Save us from the standard time shift
Nobody knows exactly why it exists, evidence suggests it may be worse that useless, everyone complains about it and yet we keep doing it, year after year after year.
We’ll talk about income tax returns later. This deadline comes earlier. At some time between Saturday evening and Sunday morning, we again lost sleep over daylight saving time. It is March, so it is time to spring forward — shifting our clocks an hour ahead so that 2 a.m. becomes 3 a.m. and the sun rises and sets later on the clock.
Most theories posit that daylight saving time was invented to save the cost of heating and light homes and businesses. Shifting the clock meant people would spend more time awake during daylight hours and would not have to turn the lights on so early. Modern research, though, has found little if any energy savings. Other research finds that the annual shifts forward and back make us tired, cranky and accident-prone.
The state of Florida has stolen our idea. Like us, Florida lawmakers like long, sunny summer afternoons and evenings but hate the aggravating twice-yearly reset. They overwhelmingly passed the Sunshine Protection Act this week setting Florida’s clocks to the summer schedule and leaving them there permanently.
We call on Michigan lawmakers to do the same.
Yes, fall and winter mornings will be darker longer. But they’re already dark. In the winter, we go to work in the dark and come home in the dark. With the shift made permanent, we would be able to at least catch a glimpse of a what seems like exceedingly rare sunshine in December, January and February in the hours after work.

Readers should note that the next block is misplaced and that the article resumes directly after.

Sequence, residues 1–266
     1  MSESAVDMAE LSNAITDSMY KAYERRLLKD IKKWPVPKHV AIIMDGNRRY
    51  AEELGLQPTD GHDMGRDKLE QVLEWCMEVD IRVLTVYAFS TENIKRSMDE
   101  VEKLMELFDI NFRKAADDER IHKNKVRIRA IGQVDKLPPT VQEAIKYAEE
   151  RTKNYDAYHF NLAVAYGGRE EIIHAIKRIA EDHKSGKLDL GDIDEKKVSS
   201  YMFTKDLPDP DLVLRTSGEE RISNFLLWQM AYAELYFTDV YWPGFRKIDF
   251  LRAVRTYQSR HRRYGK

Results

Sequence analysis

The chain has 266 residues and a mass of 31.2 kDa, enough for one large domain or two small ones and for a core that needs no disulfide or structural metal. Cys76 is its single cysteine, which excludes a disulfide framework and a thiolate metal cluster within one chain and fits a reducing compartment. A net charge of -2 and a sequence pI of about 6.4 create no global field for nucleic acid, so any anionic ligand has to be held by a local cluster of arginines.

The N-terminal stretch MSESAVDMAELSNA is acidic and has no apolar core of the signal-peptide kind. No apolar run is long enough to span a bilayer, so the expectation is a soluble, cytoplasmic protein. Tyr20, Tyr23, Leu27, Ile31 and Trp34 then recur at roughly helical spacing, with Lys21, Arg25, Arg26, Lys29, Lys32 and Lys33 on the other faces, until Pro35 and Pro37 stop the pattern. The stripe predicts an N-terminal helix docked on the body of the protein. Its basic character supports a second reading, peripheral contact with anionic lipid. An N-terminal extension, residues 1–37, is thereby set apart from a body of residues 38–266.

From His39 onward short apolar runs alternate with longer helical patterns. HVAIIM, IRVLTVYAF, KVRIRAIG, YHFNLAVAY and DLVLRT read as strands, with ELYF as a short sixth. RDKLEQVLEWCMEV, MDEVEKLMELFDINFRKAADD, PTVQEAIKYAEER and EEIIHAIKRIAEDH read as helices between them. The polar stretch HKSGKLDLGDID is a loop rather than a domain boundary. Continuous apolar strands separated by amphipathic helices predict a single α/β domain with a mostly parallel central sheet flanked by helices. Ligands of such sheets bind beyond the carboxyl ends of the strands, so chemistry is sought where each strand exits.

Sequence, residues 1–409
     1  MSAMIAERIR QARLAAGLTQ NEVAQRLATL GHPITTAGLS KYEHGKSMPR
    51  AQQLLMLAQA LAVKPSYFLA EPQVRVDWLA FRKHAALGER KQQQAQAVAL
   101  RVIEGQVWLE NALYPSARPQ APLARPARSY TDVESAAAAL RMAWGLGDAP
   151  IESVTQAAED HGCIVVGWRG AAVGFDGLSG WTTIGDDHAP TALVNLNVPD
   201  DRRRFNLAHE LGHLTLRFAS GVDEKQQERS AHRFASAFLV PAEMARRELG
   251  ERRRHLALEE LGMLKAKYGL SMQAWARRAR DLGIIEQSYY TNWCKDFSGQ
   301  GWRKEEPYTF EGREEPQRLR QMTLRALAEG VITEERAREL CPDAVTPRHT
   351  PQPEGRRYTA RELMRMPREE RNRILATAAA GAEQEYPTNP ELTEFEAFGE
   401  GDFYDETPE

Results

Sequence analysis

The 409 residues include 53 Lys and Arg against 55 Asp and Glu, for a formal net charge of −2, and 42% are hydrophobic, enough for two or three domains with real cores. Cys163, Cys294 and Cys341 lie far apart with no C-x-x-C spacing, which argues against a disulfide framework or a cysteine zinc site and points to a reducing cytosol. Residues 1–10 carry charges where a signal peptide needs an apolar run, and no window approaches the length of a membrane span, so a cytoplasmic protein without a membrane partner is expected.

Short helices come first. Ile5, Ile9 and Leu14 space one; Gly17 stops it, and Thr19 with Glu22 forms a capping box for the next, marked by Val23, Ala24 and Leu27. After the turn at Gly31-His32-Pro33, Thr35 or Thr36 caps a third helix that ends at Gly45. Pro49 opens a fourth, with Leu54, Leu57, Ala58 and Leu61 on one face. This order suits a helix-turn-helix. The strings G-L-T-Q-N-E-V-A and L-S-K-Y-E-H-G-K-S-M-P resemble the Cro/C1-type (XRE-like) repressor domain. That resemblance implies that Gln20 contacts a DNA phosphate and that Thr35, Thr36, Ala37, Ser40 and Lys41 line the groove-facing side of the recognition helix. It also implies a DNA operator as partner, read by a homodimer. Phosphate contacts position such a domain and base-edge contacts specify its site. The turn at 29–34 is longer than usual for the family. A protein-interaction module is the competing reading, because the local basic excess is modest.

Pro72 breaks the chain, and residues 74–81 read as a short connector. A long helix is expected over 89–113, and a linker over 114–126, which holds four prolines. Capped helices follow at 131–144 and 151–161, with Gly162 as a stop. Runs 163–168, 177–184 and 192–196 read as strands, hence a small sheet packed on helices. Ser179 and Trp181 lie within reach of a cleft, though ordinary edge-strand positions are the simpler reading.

We also would have one less thing to complain about in early spring, which will brighten our natures just as effectively as a clear sky once in a while. Likewise, not being time-shifted zombies will make us more cheerful and productive and better drivers.
Other states have abandoned the twice-annual shift and they seem to have turned out OK. Who can say anything bad about Arizona or Hawaii?
What Arizona and Hawaii did is different. They have enough daylight and sunshine already, so they chose to remain on standard time year-round. That choice is also easier, which may have been part of their decision.
It is one of those egregious snafus that only Congress could invent. The federal government owns time and sets all the rules. Those rules, spitefully and illogically, allow states like Arizona and Hawaii to skip daylight saving time, but won’t allow Michigan or Florida to avoid using standard time.
We need Congress to fix this. Except senators and congressmen and lobbyists will lose an hour of sleep Sunday, too, and will be too groggy and disoriented to get anything done for a while.
— Times Herald (Port Huron)